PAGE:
Regardless, this leads to another issue which coincides with Rhodes’ eventual victory:
The Bloodline Angle is Cooling Off
Even in late 2022, some fans were slowly getting tired of this storyline. It’s a brilliant story in itself. However, there are a growing number of fans in which this angle has run its course. WWE fans on Twitter (X), Facebook, Reddit, or even Disqus, are sharing the same sentiments.
If Paul Heyman is to be believed that this story is in the “bottom of the third”, then we run the risk of venturing into nWo territory.
Remember the nWo? It was WCW’s hot main story that wore out its welcome after nearly five long years. It was brought back in WWE in 2002 in a failed reboot. The nWo angle was, like the Bloodline, brilliant.
But much like fans in the late 90s on message boards were slowly getting sick of the nWo, so are some WWE fans as well when it comes to The Bloodline. When the nWo ran its course and WWF started to climb back ahead in the ratings — WCW really had nothing else to offer aside from their long-established (and aging) stars. Fans grew tired of Hogan, Hall, Nash, Savage, Hart, DDP and even Sting.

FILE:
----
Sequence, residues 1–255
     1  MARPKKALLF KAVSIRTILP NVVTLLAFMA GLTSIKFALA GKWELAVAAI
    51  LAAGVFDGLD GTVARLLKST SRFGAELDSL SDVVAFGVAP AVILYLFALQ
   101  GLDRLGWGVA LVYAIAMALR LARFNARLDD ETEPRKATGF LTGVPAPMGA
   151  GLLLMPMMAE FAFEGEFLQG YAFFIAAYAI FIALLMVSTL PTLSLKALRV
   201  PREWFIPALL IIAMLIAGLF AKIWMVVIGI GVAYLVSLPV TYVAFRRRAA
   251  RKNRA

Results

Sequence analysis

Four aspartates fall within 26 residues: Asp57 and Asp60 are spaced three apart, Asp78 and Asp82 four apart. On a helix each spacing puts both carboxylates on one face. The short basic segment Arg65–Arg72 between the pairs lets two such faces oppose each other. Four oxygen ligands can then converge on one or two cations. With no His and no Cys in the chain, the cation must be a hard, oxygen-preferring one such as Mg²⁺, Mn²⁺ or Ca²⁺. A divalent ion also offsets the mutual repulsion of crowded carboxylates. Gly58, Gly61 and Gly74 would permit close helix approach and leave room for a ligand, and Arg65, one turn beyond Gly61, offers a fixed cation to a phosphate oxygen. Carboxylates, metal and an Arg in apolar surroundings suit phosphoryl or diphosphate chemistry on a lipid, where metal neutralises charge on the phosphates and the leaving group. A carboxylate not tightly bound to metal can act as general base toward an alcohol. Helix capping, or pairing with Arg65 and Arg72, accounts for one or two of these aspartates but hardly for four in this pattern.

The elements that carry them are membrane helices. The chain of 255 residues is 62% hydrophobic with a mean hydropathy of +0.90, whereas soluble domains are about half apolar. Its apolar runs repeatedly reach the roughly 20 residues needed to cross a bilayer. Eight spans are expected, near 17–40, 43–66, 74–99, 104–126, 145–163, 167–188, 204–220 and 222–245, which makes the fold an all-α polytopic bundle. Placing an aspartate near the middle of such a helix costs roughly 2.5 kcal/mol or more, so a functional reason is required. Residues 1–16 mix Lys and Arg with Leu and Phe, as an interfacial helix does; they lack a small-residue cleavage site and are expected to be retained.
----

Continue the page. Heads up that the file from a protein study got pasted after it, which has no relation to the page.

Jericho, Guerrero, Big Show, and others, were essentially forgotten about and soon left to achieve success in the WWF. (If only WCW originally held onto Austin, Levesque (HHH), RVD and Mark Calaway, right?)
In short, WCW failed to create new stars during the nWo’s historic run. Once there was nothing left in the tank in that story, there was nothing to fall back on anymore for much of the entire roster.
Even if they’re legends now, Jeff Jarrett, Scott Steiner and Booker T weren’t going to compete with Steve Austin, The Undertaker, and The Rock in the late 90s.
Look at the current WWE roster. Is the same thing happening now?
Nobody Can (Realistically) Fill Roman’s Shoes
So much time and effort has been put into The Bloodline, that many experienced and upcoming talents are being left behind.
Sure, you have newer stars. Even if Austin Theory and Matt Riddle have cooled off, the future should look bright. Bron Breakker, Rhea Ripley, Dominik Mysterio, GUNTHER, Roxanne Perez, Carmelo Hayes — these are all names to be excited about. (not Logan Paul, however, as he is a con-artist and shouldn’t on the roster to begin with)